If Darwin Prayed: Prayers for Evolutionary Mystics
This Planet of Pain
Matthew 23:32–56, Mark 15:21–41, Luke 33:26–49
Now we open
to the story of the Crucified and Risen One,
arms stretched out
across the chasms of fear,
pulling factions into his own broken body,
closer to his pierced heart,
so that this planet of pain
may one day claim as its own
the love flowing out from that
sacred, broken heart.
Yes, pull us in, Spirit of the Living God,
into the Heart of our hearts,
that we might once and for all
lay down our arsenals of fear
and take up our tools
to build the kin-dom of God
for the sake of all creation.
This prayer is one of the prayers for Good Friday in Bruce Sanguine’s latest book, If Darwin Prayed: Prayers for Evolutionary Mystics. Sanguine, an ordained minister in the United Church of Christ and pastor of Vancouver’s Canadian Memorial United Church, wanted “prayers for worship and spiritual practice that are written from the perspective of the great evolutionary story of the universe.” But evolutionary thought is still in infant stages in both theology and liturgy. Sanguine wondered:
What was born of necessity soon became a weekly discipline of joyful creative expression. I wondered what prayers in support of the new cosmology and evolutionary spirituality would look and feel like: How would we pray together if we took the science of evolution and the new cosmology seriously—if we saw the presence we call God intimately involved with the modern scientific realities of the universe, the planet, and human beings? How do we translate Paul’s intuition of a Christ who is cosmic in scope and sovereignty into prayer form? How do we pray into the mission that emerges when we bring this lens to bear on the text? What fresh insights might emerge from the ancient biblical texts if we brought an evolutionary lens to the task?
Sanguine decided to start writing his own prayers to fill this void in liturgy. The result is an incredible prayer book that challenges us to expand our understanding of who Godde is, who we are as individuals and the church, and how we are connected to, not only everything on earth, but everything in the universe. I have always been fascinated and awed that the human body is made of the same building blocks as stars. Reading and praying prayers that acknowledge and praise Godde for making us of stardust resonated deeply in me, such as these lines from “Everywhere Light”:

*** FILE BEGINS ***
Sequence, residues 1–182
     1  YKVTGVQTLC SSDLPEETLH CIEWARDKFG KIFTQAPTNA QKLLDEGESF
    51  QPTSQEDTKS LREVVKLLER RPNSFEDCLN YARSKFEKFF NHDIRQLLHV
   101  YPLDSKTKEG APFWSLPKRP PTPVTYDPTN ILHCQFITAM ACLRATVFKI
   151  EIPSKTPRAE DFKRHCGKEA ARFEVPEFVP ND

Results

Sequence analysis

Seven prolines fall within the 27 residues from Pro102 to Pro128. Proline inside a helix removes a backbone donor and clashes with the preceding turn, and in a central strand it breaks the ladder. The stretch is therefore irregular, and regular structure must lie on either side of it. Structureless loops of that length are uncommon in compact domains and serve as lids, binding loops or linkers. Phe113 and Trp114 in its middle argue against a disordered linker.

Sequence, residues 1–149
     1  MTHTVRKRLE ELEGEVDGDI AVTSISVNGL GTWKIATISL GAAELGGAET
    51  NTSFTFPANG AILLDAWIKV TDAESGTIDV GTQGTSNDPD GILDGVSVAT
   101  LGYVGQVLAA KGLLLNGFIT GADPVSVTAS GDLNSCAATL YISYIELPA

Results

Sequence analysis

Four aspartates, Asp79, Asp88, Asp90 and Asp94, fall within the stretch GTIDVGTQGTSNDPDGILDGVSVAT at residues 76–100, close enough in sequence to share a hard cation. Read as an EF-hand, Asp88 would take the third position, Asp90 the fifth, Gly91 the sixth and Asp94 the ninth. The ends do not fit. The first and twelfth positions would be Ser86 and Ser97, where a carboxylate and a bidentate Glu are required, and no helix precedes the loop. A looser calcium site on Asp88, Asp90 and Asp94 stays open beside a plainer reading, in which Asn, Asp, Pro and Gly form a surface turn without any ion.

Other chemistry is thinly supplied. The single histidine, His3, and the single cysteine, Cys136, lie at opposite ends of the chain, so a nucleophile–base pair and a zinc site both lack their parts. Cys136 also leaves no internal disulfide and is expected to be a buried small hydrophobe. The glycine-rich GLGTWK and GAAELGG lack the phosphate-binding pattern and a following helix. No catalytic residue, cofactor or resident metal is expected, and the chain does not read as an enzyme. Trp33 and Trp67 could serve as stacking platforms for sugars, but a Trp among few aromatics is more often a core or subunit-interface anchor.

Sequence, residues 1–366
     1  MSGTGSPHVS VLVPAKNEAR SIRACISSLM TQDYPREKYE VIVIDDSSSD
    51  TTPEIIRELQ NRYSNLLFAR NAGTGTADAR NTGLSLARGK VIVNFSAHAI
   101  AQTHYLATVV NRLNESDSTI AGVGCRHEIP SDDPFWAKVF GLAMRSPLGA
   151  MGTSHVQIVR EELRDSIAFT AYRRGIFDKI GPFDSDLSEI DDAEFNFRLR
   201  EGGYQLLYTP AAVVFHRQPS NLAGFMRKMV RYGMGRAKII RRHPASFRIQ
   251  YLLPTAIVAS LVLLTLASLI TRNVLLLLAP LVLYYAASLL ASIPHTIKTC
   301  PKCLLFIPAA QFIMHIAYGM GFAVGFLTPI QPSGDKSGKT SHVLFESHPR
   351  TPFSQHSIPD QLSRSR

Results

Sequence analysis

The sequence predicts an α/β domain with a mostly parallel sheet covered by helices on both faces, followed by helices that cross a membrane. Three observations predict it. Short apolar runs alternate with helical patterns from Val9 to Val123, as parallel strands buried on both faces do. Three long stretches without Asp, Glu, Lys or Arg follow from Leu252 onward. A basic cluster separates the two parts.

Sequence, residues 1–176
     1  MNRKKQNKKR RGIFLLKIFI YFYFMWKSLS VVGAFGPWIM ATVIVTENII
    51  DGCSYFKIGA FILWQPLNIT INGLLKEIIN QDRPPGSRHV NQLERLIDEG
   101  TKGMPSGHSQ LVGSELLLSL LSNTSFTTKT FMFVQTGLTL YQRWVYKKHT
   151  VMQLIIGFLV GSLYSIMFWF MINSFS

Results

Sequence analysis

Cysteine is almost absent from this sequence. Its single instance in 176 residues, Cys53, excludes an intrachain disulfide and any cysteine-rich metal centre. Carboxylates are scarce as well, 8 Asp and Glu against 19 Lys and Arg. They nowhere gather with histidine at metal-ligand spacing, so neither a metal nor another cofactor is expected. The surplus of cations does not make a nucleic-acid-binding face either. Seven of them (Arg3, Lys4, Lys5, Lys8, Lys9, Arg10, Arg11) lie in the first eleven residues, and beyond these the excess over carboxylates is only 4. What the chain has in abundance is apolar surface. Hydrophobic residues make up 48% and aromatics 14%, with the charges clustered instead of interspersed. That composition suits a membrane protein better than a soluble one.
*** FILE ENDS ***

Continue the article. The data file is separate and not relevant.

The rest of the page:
that even as we carry around
the entire universe in our bodies,
and in our luminous minds,
we look elsewhere for sacred revelation.
despite knowing that each carbon atom in our blood
and firing neuron in our brain
came from ancient stars,
somehow we can ignore our own radiance.
I also loved all the different ways Sanguine describes Godde as both male and female, as family and cosmic, personified and the Ground of All Being. Sanguine challenges us to think about the little boxes and small definitions we limit Godde with and encourages us to explore new ways of describing Godde and knowing her. “The Happy Communion” is a perfect example of helping us see the Trinity in a relationship with each other and us instead of a hierarchy:
Community of Love,
Creator, Christ, Spirit,
Three in One,
you in Christ,
Christ in us,
and everywhere, Spirit,
connecting, caressing, cajoling
us into the image of wholeness
tattooed on the heart and the soul
of every living thing.
If Darwin Prayed is a much needed prayer book exploring how Christian faith and science, can not only get along, but together show us new ways of seeing Godde, humanity, the world, and the universe. I hope to see more theological and liturgical sources come out in this strain. I want more prayers and songs that show the modern view of the world and universe as opposed to the ancient model of the domed universe: hell beneath, earth in the middle, and the heavens above with Godde outside of it all. I want to see more liturgy and prayer that shows the universe as vast, expansive, all of us connected with everything, and Godde in the midst of it all with us and creation.
Disclaimer: I received a free copy of this book from SpeakEasy agreeing to post a review on my blog.